A. You don't need to offer up the whole story to every passerby who comments on your baby's looks. As an adoptive parent, you may feel awkward about letting an assumption of birth-parent status pass without correction, especially since the prevailing wisdom is to be up-front about adoption rather than shroud it in secrecy. But on a practical level, if you have to explain yourself every time someone assumes incorrectly, you'll be exhausted and you'll never get anywhere on time. And whom does it benefit? You're probably already telling your baby the tale of her life, so she doesn't need to hear you tell it to strangers as well. And the stranger would feel silly for having seen some kind of resemblance where there couldn't possibly be one. Acquaintances you're likely to keep encountering, such as neighbors, should be told so they can keep from making the same mistake.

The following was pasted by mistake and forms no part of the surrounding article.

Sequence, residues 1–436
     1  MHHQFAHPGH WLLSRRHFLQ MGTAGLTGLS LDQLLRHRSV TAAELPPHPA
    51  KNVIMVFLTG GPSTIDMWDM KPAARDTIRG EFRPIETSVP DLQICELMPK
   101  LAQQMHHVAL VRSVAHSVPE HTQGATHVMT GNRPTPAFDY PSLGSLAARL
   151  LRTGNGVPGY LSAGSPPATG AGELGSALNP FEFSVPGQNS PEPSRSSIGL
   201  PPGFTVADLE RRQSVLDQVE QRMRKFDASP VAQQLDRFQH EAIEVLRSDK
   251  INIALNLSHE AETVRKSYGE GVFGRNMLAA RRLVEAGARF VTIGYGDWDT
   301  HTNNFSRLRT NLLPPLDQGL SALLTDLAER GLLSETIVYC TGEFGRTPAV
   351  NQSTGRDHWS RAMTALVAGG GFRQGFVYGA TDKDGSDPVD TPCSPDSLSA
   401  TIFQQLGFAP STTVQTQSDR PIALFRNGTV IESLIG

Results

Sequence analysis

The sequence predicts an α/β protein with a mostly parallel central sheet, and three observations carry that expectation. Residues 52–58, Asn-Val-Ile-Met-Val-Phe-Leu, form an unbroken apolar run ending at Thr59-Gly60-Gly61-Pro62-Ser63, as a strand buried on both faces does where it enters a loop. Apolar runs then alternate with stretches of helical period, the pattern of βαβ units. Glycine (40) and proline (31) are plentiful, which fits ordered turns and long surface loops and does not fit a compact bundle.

Our friends Kate and Bruce are frequently told that their kids, both adopted, look like them -- which they do. The comments started on the flight home with newborn Emily. "A flight attendant looked at us and said, 'She got the best of both of you,' " says Kate. "We didn't know how to respond, so we just smiled and said thanks."
Your child will grow up understanding where she came from, and you'll continue to face comments about family resemblances. Sometimes you'll tell the whole story, but sometimes you'll just smile and take the remarks in stride. Because as she grows, your child will have gotten the best of both of you.
Trisha Thompson is a contributing editor to PARENTING magazine and a former editor-in-chief of BabyTalk.